Pelosi leads Democratic retreat from Conyers amid sex-harassment allegations
Updated 8:05 pm, Thursday, November 30, 2017
WASHINGTON — Leading Democrats’ support for Rep. John Conyers eroded Thursday, with House Minority Leader Nancy Pelosi calling on the 88-year-old co-founder of the Congressional Black Caucus to resign his seat because of allegations he sexually harassed staffers.
An attorney for Conyers, the longest-serving member of the House, said the Michigan Democrat had no intention of quitting. The congressman was hospitalized in the Detroit area with what a spokesman called stress from a “media assault.”
Pelosi, D-San Francisco, has tried to navigate a treacherous line between loyalty to a veteran Democrat and the powerful Congressional Black Caucus, and support for female accusers coming forward during an explosion of sexual harassment allegations that have toppled major figures in the media and Hollywood and now threaten members of Congress.
After defending him Sunday as an “icon,” even after it was revealed that he had settled a 2015 sexual harassment claim with a former staff member, Pelosi has turned up the pressure on Conyers. He denied guilt in the settlement case, but since then other women have emerged with sexual harassment allegations against him.
On Thursday, Pelosi said Conyers should surrender the House seat he has held since Lyndon Johnson’s presidency.
“Zero tolerance means consequences for everyone,” Pelosi said at a news conference. “No matter how great the legacy, it is no license to harass or discriminate. In fact, it makes it even more disappointing.”
An attorney for Conyers, Arnold Reed, said Pelosi “sure as hell won’t be the one to tell the congressman to leave.” He told the Associated Press that Conyers has “no plans at this juncture to quit” and that the onus was on his accusers to prove their case.
“If there has to be a fight, there will be a fight,” Reed said.
In an interview on the “Today” show Thursday, former Conyers aide Marion Brown said the congressman had propositioned her for sex and “violated my body” during an incident at a Chicago hotel in 2005. She said that when she refused, Conyers asked her to find others who would accommodate him.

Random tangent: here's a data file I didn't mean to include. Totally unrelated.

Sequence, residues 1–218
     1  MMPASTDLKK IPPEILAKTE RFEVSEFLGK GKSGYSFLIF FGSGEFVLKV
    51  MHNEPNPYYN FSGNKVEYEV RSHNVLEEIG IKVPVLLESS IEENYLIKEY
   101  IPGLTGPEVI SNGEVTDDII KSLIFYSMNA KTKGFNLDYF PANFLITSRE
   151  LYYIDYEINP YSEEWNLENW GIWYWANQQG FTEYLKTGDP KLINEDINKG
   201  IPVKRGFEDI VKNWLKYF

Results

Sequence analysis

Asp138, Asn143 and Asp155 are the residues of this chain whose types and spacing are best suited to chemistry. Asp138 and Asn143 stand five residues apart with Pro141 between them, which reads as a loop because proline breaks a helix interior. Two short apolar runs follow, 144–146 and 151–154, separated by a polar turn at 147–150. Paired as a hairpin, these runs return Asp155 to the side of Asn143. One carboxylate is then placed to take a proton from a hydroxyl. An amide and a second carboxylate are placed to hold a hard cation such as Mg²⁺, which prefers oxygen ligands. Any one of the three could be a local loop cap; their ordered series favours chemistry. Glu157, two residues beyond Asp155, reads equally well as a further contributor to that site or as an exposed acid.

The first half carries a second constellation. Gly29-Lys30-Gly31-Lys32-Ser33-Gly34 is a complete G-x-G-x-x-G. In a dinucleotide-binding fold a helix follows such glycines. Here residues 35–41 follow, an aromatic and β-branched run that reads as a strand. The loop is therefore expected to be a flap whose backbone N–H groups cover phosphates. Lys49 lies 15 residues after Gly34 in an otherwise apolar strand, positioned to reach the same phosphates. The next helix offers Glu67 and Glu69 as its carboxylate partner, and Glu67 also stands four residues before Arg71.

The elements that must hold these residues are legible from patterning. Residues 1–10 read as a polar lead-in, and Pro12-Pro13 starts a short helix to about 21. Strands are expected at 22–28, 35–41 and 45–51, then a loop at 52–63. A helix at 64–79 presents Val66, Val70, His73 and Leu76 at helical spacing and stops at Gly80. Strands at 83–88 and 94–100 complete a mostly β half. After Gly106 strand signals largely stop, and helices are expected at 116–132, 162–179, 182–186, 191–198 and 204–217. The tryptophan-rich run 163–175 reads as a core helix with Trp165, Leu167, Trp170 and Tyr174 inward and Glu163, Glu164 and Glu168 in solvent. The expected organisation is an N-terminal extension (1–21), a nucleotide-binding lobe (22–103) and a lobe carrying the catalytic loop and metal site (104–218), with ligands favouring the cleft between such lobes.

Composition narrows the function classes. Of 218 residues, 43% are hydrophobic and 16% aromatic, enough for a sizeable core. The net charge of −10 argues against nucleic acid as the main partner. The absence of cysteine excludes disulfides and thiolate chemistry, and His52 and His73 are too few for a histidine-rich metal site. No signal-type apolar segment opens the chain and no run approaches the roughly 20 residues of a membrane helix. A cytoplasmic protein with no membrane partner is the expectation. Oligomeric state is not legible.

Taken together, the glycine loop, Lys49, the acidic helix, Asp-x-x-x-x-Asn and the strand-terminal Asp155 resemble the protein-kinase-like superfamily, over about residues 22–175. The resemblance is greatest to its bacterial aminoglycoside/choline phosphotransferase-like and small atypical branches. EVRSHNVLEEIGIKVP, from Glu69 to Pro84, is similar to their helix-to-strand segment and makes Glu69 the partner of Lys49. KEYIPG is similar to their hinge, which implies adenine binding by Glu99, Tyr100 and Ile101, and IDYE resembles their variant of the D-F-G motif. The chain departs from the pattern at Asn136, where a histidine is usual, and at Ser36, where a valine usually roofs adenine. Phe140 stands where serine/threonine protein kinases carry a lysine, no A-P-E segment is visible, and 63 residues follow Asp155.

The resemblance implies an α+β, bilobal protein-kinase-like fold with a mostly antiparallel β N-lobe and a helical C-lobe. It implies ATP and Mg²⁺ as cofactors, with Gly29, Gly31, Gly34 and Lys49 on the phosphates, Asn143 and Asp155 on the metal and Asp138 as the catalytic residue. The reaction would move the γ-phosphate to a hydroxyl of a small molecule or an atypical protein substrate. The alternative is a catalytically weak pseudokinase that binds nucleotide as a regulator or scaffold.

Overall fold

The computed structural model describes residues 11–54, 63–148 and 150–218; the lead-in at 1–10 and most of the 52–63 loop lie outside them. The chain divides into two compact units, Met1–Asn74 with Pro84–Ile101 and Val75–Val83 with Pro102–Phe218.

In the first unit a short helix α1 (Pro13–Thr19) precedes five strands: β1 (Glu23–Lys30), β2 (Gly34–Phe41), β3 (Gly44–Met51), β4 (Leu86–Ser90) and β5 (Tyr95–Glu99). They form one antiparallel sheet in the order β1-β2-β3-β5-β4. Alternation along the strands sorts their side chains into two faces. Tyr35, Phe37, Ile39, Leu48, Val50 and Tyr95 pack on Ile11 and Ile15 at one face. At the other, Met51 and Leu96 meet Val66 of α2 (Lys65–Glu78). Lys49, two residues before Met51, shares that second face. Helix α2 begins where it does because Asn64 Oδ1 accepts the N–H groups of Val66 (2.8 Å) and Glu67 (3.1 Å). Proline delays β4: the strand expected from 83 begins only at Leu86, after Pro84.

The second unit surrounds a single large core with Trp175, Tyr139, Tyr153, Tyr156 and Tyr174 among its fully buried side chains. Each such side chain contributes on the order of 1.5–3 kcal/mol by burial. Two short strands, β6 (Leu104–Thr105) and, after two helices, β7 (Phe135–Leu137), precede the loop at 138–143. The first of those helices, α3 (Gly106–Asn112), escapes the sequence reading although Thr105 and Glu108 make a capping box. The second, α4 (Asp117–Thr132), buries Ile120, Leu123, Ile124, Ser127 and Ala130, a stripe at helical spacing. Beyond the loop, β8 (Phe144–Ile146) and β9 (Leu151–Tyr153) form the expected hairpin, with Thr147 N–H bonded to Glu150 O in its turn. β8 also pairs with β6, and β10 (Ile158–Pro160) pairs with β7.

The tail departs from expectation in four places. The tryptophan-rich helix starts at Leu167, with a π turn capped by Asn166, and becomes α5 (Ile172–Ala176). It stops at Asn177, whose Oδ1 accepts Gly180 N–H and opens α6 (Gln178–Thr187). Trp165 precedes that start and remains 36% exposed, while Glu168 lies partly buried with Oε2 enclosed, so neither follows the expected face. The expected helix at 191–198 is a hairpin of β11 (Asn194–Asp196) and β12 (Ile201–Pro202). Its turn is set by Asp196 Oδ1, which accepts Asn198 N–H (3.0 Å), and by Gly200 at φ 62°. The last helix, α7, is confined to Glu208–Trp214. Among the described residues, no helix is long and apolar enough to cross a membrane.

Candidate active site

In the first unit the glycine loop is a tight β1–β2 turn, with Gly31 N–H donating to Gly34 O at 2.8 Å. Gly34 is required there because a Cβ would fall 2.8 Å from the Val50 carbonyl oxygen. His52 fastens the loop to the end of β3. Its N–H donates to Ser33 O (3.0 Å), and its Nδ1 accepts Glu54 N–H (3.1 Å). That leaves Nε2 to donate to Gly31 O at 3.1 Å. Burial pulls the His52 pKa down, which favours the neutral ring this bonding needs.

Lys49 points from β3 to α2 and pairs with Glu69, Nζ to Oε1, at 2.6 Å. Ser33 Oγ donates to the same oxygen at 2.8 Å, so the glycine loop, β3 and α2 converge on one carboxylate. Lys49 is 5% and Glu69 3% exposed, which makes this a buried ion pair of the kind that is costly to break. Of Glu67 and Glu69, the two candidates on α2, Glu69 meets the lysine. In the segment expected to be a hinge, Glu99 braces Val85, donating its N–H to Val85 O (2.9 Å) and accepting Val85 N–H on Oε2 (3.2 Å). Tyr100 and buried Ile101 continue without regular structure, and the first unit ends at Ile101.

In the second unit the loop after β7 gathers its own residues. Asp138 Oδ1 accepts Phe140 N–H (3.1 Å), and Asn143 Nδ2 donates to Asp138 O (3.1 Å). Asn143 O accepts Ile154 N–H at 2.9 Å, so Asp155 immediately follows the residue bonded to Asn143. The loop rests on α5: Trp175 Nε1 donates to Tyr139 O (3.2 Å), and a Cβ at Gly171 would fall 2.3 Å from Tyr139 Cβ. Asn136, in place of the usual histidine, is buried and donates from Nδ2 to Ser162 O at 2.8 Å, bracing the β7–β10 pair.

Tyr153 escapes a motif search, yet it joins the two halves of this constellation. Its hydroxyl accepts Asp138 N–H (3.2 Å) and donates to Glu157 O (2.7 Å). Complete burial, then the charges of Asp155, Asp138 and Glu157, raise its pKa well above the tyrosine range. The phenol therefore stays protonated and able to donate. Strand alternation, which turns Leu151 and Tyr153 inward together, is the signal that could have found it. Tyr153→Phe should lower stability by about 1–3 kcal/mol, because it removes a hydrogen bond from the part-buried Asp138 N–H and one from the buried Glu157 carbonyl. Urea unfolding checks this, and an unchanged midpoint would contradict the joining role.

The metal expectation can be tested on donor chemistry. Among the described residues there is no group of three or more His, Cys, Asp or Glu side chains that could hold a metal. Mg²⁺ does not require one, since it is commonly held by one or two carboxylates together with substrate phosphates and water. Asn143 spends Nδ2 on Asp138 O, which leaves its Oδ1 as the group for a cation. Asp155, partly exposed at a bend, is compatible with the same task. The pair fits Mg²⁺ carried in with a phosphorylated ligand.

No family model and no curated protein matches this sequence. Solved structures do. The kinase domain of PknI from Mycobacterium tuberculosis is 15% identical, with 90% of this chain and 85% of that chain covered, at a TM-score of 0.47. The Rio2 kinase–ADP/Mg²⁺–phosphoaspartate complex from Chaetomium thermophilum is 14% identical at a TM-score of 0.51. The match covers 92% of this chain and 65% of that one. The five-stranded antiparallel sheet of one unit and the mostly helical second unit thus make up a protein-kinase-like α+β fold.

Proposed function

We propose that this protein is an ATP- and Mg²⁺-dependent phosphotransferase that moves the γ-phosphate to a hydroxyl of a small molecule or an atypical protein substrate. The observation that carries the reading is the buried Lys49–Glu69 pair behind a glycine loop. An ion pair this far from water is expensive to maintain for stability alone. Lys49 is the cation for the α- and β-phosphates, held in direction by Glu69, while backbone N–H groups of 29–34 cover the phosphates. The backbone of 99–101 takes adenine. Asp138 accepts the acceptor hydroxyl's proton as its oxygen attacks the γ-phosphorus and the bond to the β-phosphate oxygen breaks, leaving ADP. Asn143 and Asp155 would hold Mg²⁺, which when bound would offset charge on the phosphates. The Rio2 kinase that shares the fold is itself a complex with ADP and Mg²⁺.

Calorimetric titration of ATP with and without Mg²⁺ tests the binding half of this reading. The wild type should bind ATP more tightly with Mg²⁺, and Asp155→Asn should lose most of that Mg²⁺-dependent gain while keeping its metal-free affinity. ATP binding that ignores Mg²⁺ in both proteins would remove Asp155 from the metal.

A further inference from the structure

Brown said she was the former staffer quoted anonymously in a Nov. 20 Buzzfeed story as saying she was fired in 2014 for refusing Conyers’ advances. She said she had decided to come forward after Conyers denied the allegations publicly, despite the 2015 legal settlement.
“I’m here to say I’m not a liar,” Brown said.
Pelosi had earlier pressured Conyers to give up his post as top Democrat on the House Judiciary Committee, which he said he would do temporarily while the House Ethics Committee investigates the allegations against him. But she had stopped short of calling on him to resign.
The Congressional Black Caucus had resisted calling for Conyers’ resignation. But on Thursday, Rep. James Clyburn of South Carolina, a member of the caucus and the House’s third-ranking Democrat, also called on Conyers to quit.
Clyburn had earlier cautioned against a rush to judgment and suggested that Conyers’ accusers might have “made up” their charges.
Conyers has been in office since 1965 and is one of just seven members of Congress to have served for more than a half century.
The Conyers case is one of several roiling Congress. Sen. Al Franken, D-Minn., has been the subject of several sex harassment allegations, and Texas Republican Rep. Joe Barton said Thursday he would not seek re-election after a nude selfie he had taken was posted to the Internet.
A Bay Area Democratic colleague of Pelosi, Rep. Jackie Speier of Hillsborough, is leading the push to mandate anti-sexual-harassment training for all lawmakers and their staff, which passed Congress on Wednesday, and to overhaul the secretive process by which Congress handles sexual harassment claims.
Another Bay Area Democrat, Rep. Zoe Lofgren of San Jose, is making a bid for Conyers’ job as ranking Democrat on the Judiciary Committee.